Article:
Now, add some oil to a frying pan, add a couple of dashes of salt, then brown one package of stewing beef, and another package of stewing pork. As you’re searing the meat, keep showering it in marjoram. You should use enough to make the kitchen smell like a flower shop. When the meat browns, transfer it from the pan to the stew pot. If your pan isn’t big enough to brown all that meat in one go, buy a bigger pan. Or, you don’t have to brown it all in one go. Brown, empty, brown some more. (Of course, don’t forget the marjoram.)
Vegetarian option? There are no vegetarian options. Your vegetarian option is a lecture from your Uncle Nándor on why you look so gaunt.
Once the meat is in the pot, cut up two medium tomatoes and add them to the pot. Don’t use tomato sauce.
Now we get to the important part: Paprika. You can find Szeged or Házi Arany in some Edmonton stores (Budapest Deli or Italian Centre are good options). Don’t have Hungarian paprika? That’s OK, what you do is take the pot off the stove, look at what you’ve done, and toss the contents in the garbage. There is no point going on. Ponder the hopelessness of life. Substituting supermarket yellow-bag paprika for proper Hungarian paprika is a cultural crime.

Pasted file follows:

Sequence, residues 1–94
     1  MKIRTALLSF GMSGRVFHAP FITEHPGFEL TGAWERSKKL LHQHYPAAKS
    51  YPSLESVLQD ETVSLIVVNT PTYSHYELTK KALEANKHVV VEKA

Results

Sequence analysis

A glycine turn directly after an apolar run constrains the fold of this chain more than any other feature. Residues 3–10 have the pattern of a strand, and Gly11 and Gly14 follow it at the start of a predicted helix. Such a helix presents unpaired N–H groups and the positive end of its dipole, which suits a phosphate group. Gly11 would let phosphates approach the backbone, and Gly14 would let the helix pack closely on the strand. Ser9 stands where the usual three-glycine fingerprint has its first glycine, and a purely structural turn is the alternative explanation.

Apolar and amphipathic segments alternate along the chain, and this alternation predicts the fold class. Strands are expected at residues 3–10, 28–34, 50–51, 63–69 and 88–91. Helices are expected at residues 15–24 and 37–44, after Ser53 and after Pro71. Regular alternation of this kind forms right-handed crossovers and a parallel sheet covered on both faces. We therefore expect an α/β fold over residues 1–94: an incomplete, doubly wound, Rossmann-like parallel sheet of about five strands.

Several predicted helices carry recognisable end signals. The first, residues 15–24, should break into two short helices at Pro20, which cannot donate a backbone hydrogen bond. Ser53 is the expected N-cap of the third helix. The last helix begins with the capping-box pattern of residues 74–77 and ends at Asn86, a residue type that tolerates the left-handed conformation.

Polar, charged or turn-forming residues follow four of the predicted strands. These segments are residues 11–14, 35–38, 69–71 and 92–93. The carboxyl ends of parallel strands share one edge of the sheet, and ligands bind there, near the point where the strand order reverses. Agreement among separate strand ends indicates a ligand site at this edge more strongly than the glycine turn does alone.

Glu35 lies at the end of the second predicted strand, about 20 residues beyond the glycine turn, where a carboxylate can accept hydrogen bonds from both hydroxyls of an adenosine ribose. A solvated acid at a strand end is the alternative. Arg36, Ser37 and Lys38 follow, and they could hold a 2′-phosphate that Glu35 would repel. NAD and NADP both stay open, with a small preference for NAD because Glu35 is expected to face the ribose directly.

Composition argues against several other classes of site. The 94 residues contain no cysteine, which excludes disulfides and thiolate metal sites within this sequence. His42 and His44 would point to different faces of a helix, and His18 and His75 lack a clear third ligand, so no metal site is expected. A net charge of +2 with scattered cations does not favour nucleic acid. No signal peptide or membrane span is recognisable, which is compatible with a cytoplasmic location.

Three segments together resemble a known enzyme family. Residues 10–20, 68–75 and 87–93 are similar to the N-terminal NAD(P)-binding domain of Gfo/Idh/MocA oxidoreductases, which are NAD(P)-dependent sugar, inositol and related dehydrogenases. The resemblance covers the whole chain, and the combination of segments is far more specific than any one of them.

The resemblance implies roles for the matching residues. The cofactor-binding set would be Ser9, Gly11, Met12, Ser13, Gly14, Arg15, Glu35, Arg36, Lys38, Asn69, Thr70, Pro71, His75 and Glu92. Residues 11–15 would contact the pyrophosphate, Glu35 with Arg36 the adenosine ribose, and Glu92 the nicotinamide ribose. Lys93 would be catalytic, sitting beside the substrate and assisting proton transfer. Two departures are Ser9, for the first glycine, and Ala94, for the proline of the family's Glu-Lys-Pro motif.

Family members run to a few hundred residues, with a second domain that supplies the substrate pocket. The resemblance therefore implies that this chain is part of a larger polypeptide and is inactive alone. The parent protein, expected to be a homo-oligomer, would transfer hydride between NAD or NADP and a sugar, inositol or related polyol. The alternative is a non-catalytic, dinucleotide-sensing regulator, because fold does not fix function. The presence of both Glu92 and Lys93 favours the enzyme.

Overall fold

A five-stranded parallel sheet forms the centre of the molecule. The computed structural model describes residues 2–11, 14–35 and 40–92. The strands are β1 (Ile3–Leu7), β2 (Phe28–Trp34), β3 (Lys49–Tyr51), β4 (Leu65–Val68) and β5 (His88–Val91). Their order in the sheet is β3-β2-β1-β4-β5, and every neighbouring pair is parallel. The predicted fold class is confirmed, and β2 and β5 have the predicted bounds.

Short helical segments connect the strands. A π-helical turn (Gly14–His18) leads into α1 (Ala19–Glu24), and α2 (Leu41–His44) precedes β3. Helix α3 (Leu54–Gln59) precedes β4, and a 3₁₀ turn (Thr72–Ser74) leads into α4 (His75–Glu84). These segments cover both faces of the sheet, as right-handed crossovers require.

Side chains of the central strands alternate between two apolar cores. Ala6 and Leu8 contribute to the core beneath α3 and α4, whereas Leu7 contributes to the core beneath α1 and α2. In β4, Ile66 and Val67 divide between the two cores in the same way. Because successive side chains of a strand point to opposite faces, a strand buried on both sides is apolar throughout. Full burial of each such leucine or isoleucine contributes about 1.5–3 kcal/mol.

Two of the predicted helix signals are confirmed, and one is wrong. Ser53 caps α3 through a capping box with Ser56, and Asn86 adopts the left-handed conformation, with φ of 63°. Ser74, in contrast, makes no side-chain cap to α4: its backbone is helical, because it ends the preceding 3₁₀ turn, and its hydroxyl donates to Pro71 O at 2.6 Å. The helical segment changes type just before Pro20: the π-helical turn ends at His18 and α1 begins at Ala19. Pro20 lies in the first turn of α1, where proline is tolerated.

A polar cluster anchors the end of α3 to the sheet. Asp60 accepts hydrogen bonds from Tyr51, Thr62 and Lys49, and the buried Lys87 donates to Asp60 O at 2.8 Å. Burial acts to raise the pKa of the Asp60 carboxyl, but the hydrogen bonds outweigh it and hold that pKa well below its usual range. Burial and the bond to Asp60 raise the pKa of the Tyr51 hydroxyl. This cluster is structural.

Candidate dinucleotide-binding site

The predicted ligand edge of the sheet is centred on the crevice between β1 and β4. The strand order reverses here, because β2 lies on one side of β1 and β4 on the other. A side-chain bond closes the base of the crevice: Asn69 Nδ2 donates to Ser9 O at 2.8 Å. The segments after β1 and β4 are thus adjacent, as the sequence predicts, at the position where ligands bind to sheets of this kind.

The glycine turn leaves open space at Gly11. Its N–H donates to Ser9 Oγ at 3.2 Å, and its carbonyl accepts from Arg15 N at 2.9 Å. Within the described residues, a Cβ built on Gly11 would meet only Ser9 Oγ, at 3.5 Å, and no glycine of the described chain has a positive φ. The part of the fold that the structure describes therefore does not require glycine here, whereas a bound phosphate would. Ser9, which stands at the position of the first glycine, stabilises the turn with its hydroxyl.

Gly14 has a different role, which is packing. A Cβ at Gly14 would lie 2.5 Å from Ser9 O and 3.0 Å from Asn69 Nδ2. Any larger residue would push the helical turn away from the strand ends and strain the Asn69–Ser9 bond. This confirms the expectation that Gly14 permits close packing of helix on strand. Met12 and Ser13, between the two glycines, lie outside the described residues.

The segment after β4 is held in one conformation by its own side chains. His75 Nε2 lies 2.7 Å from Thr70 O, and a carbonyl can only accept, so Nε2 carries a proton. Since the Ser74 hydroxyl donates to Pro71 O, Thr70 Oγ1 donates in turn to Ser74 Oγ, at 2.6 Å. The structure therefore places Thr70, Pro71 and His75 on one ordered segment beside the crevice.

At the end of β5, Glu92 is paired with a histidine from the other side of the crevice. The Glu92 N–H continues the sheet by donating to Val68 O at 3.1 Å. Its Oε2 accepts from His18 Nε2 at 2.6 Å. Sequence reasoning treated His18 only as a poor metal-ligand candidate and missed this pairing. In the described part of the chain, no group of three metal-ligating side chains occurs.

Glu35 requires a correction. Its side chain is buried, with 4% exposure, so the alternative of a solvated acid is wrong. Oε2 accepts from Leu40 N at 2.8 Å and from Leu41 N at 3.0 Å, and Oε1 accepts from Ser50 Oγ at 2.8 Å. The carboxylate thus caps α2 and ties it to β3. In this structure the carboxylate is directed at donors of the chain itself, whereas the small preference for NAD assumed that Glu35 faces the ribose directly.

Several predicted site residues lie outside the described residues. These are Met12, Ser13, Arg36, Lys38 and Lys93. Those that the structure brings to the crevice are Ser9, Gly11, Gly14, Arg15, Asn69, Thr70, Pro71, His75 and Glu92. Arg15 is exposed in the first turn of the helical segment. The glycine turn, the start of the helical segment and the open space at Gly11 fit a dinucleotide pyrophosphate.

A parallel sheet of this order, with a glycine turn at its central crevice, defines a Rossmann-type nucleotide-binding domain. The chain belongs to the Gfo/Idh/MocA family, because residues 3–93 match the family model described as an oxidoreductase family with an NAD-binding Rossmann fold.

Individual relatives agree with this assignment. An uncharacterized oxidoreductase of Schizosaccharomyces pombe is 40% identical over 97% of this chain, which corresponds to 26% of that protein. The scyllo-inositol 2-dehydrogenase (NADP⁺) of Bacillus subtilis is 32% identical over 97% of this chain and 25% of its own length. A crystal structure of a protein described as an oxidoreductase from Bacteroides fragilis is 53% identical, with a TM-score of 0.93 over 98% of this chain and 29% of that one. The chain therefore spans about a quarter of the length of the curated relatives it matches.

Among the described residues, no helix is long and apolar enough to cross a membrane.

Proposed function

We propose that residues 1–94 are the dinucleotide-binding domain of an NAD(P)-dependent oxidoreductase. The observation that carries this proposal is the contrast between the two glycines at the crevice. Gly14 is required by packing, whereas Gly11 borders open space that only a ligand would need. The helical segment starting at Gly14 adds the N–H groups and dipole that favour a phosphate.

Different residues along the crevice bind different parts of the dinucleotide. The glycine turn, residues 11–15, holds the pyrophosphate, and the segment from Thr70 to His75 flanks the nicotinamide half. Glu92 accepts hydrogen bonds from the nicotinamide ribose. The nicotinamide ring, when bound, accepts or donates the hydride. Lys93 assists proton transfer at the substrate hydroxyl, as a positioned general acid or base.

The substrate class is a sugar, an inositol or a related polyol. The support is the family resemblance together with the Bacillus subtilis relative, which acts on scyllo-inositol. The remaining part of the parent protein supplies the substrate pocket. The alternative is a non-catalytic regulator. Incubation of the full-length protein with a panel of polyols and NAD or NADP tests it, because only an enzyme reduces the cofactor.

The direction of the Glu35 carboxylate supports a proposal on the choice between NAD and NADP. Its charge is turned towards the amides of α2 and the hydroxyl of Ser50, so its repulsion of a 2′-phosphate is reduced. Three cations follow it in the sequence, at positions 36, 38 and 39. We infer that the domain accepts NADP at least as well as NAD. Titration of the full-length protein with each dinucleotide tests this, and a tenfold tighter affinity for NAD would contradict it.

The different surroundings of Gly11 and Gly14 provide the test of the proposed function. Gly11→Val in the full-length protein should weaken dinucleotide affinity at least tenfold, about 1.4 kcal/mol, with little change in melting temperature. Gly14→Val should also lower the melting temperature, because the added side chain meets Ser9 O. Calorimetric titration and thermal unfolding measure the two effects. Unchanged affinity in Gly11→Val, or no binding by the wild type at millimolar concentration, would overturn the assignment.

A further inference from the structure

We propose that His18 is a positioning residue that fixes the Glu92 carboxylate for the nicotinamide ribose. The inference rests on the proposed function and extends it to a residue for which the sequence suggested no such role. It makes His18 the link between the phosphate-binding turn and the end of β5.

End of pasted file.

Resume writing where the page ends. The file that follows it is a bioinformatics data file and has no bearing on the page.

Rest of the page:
“Oh, but I have the smoked Spanish stuff.” Sure, remind me to add Polish sausage next time I want an authentically Italian dish.
Got the good stuff? Pop it open, and sprinkle a liberal helping onto the stew. All of the meat should be coated in glorious red powder. Give everything a good stir, but don’t leave it too long; if paprika starts to blacken, you have to start over. Seriously.
Open a bottle of beer. Start drinking. Open another bottle of beer, and pour about half of it into the stew. Then, as the stew starts to boil, add a bit more liquid, till the bottle is empty. You only add liquid a little at a time.
Coarsely chop about three carrots and four medium potatoes; add them. Don’t overdo the carrots. A lot of people overdo the carrots. You’re not a rabbit. Toss in a couple of tablespoons of red wine vinegar.
Now, it’s just a matter of slowly adding water, about a half-cup at a time, till it all starts to bubble again. Add water, wait for it to bubble. Add a bit more. Do this until all your ingredients are submerged. This process will also help you understand if you’ve used a big enough pot.
Once you’ve topped it up, allow it to simmer till your carrots and potatoes are nice and soft. While you wait, work on your appreciation of Hungarian culture. Fiddle with a Rubik’s Cube. Go on the Internet and watch water polo. Pick up a smoking habit.
Salt to taste.
Now, you should have a rich broth, but you’re missing the final holy Hungarian ingredient: Sour cream. We put sour cream on anything. It is arguably mankind’s greatest food achievement. Don’t even think about getting away with the low-fat stuff. Sour cream should come out of the container in a healthy dollop. You can worry about losing weight when you make food you don’t really like. Once you’ve got a serving into a bowl, it’s time to stir that glorious sour cream in there.
Now, eat. And finish that beer you’ve got in the fridge. It’s not going to drink itself.